Hawaiian Kingdom Treaties and International Law

The Hawaiian Kingdom is a member State of the Universal Postal Union since January 1, 1882, has forty-six (46) State treaty partners, and, to a limited degree, one hundred twenty-seven (127) successor State quasi-treaty partners. In the Hawaiian Kingdom’s Protest and Demand filed with the President of the United Nations General Assembly on August 10, 2012, the Hawaiian Kingdom’s identification of successor States collectively included former colonial, mandate and trust territories. This identification was made without any prejudice to the particular rights of each successor States in relation to the mode of exercising self-determination when they achieved their independence.

According to Professor Oppenheim, “there is room for the view that in case of separation resulting in the emergence of a new State the latter is bound by—or at least entitled to accede to—general treaties of a ‘law-making’ nature, especially those of a humanitarian character.”Beato explains, “contrary to conventional law’s clean slate doctrine, relatively few newly independent states renounce all of their predecessor state’s treaties. Instead, new states tend to adopt a pragmatic approach which balances issues of self-determination and sovereignty in foreign affairs against the need to foster stability in international relations.” Professor Hershey states that it “is generally agreed that the purely local or personal rights and obligations of the [predecessor State]…remain with the [successor State].” Treaty obligations to private individuals survive the succession and bind the successor State.

Provisions of these treaties not only protect the private rights and obligations of the citizenry of the predecessor States and their successor States while within the territory of the Hawaiian Kingdom, but also protect the private rights and obligations of the citizenry of the Hawaiian Kingdom while within the territories of the predecessor States and their successor States. This rule stems from the principle of international law that change in sovereignty does not affect the private rights of individuals.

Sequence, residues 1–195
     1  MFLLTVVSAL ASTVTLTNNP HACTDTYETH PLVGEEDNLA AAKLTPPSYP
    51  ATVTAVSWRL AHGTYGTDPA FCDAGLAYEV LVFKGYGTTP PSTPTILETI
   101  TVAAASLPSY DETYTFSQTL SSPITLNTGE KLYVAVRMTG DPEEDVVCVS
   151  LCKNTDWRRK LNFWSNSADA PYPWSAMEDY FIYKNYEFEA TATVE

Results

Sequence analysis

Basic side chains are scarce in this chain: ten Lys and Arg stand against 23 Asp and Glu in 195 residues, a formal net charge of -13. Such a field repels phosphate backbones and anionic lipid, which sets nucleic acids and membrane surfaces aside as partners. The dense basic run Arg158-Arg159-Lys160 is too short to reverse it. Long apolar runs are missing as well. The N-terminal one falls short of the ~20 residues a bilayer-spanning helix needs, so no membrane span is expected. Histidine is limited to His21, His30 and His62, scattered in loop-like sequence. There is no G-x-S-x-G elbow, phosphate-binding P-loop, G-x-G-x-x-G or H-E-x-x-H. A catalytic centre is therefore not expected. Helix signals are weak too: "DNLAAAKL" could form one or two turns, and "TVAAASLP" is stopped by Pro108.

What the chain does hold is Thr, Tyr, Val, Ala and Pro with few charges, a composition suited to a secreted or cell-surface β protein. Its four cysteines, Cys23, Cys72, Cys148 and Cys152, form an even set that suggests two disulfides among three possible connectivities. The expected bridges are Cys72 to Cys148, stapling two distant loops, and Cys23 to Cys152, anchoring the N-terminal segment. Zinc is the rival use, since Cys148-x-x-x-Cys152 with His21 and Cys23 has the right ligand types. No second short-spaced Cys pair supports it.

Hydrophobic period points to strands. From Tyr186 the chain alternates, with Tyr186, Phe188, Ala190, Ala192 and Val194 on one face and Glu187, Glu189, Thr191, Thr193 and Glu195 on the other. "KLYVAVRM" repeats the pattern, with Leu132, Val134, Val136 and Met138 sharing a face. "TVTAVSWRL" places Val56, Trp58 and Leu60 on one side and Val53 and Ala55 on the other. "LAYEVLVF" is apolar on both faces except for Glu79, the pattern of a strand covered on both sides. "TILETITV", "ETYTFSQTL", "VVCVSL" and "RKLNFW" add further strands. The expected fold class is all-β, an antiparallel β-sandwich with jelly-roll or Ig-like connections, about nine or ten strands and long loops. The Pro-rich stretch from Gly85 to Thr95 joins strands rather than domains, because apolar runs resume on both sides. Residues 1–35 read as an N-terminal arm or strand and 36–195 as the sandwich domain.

An example of successorship is Australia. Under the Hawaiian-British Treaty of 1851, British territory included Australia, which at the time was a Crown colony. On January 1, 1901, Australia was granted independence by Great Britain and was no longer a part of British territory. Australia became a successor State of Great Britain, who is now the predecessor State to Australia. The private rights which British subjects held under the 1851 Hawaiian-British Treaty while within Hawaiian territory would now apply to Australian citizens, and the private rights of Hawaiian subjects held under the Hawaiian-British Treaty would apply when Hawaiian subjects are in Australian territory.

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